Throughout the First World War rugby players from all nations and of all levels distinguished themselves by their bravery and conduct. In 1915 the British War Office produced a poster imploring other sports to following the ‘glorious example’ of rugby players by ‘doing their duty’ and enlisting with the armed forces. But that was just the start of the story.
From the Battle of Mons onwards these men were involved in every engagement on land, sea and the in the air. The distinctions came immediately with Irish-born England international George Dobbs being awarded the French Legion d’Honneur after he personally facilitated the retreat at Mons.
Days later Frenchman Alfred Mayssonnié became the first international rugby player to lose his life to the conflict, falling at the Battle of the Marne in helping to ensure that Paris and France would not be overrun. Before the year was out four further French players were lost, along with four Scottish internationals and three English.
As trench warfare took hold in 1915 the snipers took their toll. England captain Ronnie Poulton-Palmer, the outstanding talent of his generation, was shot and killed in May. A month earlier he had shared a rugby field with Irish international Basil MacLear who himself was killed before May was out.
On the other side of Europe the Gallipoli Campaign waged for almost a year. Australian internationals Teddy Larkin and Blair Inksip Swannell were killed on the first day of the landings at what is now known as Anzac Cove. Three months later New Zealand internationals Albert Downing and Henry Dewar were killed on the outskirts of Suvla Bay.
In the spring of 1916 it was the turn of the naval enlists. The Battle of Jutland was the largest naval engagement in human history. Scores of rugby players were involved. England international Sydney Coopper’s ship was sunk but he survived. Scotland’s Cecil Abercrombie remained at his post, firing his gun aboard HMS Defence to the last even as his ship slipped beneath the waves. He and fellow Scot, John Wilson, among those who did not return.
Then came the horrors of the Somme. Toby Moll and the South African Brigade made their stand at Delville Wood, just as the 38th Welsh Division, which included Welsh internationals Johnnie Williams and Dick Thomas, did at Mametz Wood. None returned.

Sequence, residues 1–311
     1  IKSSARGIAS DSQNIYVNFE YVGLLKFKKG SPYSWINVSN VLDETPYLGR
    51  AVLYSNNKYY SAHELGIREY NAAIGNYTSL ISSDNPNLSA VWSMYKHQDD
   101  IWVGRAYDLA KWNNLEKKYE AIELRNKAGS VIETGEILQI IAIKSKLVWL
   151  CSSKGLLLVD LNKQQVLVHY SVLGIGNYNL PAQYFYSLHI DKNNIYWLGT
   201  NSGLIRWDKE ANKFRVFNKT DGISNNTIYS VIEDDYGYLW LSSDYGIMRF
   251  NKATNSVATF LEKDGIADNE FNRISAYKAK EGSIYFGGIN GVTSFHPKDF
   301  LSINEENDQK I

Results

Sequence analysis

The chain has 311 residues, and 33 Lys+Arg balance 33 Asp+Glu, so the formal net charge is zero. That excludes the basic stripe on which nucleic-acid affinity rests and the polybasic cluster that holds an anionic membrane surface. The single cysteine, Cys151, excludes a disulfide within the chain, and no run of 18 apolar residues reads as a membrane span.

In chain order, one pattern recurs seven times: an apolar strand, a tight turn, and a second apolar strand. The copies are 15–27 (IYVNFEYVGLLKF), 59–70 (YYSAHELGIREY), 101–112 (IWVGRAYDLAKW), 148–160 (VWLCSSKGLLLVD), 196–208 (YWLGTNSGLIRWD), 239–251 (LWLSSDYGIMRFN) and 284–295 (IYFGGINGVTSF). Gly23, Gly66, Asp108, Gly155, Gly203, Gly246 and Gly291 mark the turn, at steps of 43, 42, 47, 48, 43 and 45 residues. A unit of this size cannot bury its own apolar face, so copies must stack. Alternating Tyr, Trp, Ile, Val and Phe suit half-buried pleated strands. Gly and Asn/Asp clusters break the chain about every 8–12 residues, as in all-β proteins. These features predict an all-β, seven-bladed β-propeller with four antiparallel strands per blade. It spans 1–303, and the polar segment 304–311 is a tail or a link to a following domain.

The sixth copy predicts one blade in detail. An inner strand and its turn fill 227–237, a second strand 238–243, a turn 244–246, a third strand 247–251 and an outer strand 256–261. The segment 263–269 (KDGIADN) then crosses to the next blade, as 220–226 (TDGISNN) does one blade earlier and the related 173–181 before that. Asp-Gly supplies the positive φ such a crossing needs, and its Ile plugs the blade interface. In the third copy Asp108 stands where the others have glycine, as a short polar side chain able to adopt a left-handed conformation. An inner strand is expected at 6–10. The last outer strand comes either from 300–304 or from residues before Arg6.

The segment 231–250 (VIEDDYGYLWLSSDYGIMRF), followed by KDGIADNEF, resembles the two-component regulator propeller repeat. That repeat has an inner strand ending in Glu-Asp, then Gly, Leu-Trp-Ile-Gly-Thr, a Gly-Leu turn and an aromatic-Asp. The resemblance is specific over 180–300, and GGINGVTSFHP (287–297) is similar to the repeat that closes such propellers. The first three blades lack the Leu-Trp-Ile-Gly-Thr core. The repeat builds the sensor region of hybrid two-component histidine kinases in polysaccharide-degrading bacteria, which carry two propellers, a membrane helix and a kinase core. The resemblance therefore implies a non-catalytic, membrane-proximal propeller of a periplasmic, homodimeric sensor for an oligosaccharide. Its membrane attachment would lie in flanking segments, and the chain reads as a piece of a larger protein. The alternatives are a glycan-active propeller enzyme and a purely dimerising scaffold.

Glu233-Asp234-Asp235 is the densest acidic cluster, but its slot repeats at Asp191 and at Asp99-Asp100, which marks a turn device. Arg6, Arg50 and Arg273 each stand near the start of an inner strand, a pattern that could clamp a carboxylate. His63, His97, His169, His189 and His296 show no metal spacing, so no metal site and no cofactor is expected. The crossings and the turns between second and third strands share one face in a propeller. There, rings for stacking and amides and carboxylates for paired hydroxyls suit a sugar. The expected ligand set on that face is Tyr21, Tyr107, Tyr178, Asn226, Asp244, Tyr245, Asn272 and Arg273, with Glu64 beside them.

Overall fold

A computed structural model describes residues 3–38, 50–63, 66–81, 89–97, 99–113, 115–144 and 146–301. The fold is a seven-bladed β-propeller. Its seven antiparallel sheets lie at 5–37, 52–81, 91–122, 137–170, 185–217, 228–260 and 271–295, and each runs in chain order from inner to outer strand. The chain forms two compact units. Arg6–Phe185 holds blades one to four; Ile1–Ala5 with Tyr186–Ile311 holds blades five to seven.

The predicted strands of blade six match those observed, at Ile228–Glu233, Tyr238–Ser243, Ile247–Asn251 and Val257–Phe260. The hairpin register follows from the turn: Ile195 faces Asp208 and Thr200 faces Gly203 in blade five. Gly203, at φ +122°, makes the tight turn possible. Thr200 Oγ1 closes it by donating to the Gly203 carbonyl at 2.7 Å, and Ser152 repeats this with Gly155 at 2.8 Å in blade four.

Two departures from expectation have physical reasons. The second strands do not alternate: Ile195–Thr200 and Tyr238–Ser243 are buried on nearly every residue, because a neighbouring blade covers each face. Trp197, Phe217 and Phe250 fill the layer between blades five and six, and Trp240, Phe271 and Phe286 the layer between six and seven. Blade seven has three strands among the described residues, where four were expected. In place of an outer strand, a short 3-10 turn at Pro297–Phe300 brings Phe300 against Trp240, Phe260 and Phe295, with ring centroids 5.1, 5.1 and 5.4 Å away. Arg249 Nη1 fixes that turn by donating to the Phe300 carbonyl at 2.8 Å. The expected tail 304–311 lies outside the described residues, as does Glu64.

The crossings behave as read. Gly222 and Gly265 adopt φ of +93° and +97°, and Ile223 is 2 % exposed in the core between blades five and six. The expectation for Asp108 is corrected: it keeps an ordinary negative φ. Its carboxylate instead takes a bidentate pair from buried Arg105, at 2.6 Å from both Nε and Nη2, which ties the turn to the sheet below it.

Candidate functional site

Edgar Mobbs, initially refused enlistment on account of his age, had returned to the recruitment office in 1914 with a self-raised battalion of 264 men. He subsequently fought at Loos, Arras and the Somme. He was twice mentioned in despatches and awarded the Distinguished Service Order in 1917. He was wounded three times but made a habit of remaining at his post. He was shot through the neck and killed on the first day of the Third Battle of Ypres, more commonly known as Passchendaele.
In the final year of the war, in the midst of the German Spring Offensive, England’s Arthur Harrison volunteered for a mission from which he understood he may not return. The Zeebrugge Raid was an audacious attempt to scuttle three ships in the mouth of the Bruges Canal to prevent the launch of German U-Boats that were wreaking havoc on British shipping. Harrison’s role was to create a diversion. Under the cover of smoke he was to land a small platoon on the Mole pier before launching a frontal assault on an enemy emplacement that included twelve seaward guns, two anti-aircraft guns, a machine gun nest and 1000 troops.
As it transpired the smoke lifted and Harrison was shot through the jaw before his ship had even made contact with the pier. Quickly regaining consciousness and in spite of the severity of his wounds he led his men on their fatal charge. He was posthumously awarded a Victoria Cross for bravery.
Since 2014 the World Rugby Museum has marked the centenary of the passing of each and every one of the 131 international rugby players who lost their lives to this conflict. In the aftermath of war, memorials were created to pay tribute to all those who served and died. Former England international Bob Oakes remembered his fallen team mates and rivals by writing his book ‘In Memoriam’. In it he wrote, ‘…the most exacting, trying and awful conditions man has ever been called upon to face and endure. We now know how splendidly the Rugby Footballer, in common with every British soldier, fought – aye, and how magnificently he died’. One hundred years on, we still know.
The World Rugby Museum is extremely grateful to the Royal Naval College in Dartmouth for allowing Arthur Harrison’s Victoria Cross to be displayed in our Wartime Gallery. Symbolic of rugby’s contribution to the Great War it will be on display throughout the period of commemoration in which we mark 100 years since the conflict’s end.
About the Author – Phil McGowan is Curator at the World Rugby Museum. This article is sourced from his book ‘Doing Their Duty: How England’s Rugby Players Helped Win the First World War’.